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NVIDIA Updates on G-Sync HDR: 4Kp144 Monitors On Sale at End of May, Other Models Coming Later This Year

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While NVIDIA’s upcoming ultra-premium G-Sync HDR monitors have been in the public eye for some time now, the schedule slips have become something of a sticking point, prompting the company in March to state that 27” 4K 144 Hz models would be shipping and on the market in April. Needless to say, those displays are yet to launch, though preorders for the Acer Predator X27 and ASUS ROG Swift PG27UQ were listed in Europe in mid-April.

Putting some amount of speculation to rest, NVIDIA has indicated the end of May for shipping and e-tail availability of the Acer Predator X27 and ASUS ROG Swift PG27UQ, though ultimately this decision is in the hands of Acer and ASUS. On that note, Acer stated that they had no updates on availability at this time. Both models were first showcased as reference prototypes during CES 2017, and as part of the larger G-Sync HDR lineup, the Predator X27 and PG27UQ will be the first monitors on the market.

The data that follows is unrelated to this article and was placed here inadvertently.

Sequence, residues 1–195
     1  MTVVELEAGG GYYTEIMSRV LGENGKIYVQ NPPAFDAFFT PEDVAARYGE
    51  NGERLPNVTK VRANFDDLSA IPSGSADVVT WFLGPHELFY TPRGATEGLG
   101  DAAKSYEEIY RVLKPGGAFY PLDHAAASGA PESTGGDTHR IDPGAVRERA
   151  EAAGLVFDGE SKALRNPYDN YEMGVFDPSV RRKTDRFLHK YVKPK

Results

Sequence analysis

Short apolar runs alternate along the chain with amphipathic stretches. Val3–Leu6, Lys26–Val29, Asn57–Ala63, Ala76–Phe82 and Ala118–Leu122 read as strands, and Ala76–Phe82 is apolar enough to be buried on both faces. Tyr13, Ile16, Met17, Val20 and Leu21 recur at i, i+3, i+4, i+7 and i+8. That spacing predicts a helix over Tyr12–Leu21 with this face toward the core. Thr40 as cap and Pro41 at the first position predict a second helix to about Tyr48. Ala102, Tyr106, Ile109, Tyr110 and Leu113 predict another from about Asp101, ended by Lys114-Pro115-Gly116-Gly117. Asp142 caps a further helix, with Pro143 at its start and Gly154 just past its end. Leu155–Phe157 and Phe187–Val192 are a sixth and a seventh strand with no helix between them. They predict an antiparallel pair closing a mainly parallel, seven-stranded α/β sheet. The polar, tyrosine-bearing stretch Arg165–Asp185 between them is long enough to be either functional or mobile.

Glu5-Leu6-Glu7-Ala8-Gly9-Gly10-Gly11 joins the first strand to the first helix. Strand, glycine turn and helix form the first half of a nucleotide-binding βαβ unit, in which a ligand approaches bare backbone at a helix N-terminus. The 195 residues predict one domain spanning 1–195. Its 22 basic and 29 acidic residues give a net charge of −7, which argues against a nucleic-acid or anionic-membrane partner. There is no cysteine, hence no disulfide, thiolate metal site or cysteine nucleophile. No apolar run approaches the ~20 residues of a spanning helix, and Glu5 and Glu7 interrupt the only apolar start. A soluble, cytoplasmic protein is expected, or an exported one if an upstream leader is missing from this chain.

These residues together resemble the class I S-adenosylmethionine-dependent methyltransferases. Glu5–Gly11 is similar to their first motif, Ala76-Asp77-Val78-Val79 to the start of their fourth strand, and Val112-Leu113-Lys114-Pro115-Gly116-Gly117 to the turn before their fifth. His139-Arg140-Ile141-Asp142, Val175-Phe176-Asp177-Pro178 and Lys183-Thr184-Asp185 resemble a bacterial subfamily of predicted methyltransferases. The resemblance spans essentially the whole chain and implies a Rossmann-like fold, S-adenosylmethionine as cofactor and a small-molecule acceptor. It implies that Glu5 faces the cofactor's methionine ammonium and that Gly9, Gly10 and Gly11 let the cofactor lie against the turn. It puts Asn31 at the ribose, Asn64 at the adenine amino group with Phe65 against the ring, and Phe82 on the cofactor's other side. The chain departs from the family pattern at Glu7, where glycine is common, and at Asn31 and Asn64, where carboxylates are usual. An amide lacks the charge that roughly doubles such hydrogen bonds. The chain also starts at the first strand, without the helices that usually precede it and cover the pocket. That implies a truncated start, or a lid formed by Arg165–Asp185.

NVIDIA G-SYNC HDR 2018 Monitor Lineup
  Acer
Predator X27
ASUS
ROG Swift PG27UQ
Acer
Predator X35
ASUS
ROG Swift PG35VQ
Acer
Predator BFGD
ASUS
ROG Swift PG65
HP
OMEN X 65 BFGD
Panel 27″ IPS-type (AHVA) 35″ VA
1800R curve
65″ VA?
Resolution 3840 × 2160 3440 × 1440 (21:9) 3840 × 2160
Pixel Density 163 PPI 103 PPI 68 PPI
Max Refresh Rates OC
Mode
144Hz
(4:2:2 chroma subsampling)
200Hz 120Hz
Standard

120Hz
(4:2:2 chroma subsampling)

98Hz
(4:4:4 chroma subsampling)

Unknown Unknown
Over
HDMI
60Hz 60Hz 60Hz
Variable Refresh NVIDIA G-Sync HDR Scaler/Module NVIDIA G-Sync HDR Scaler/Module NVIDIA G-Sync HDR Scaler/Module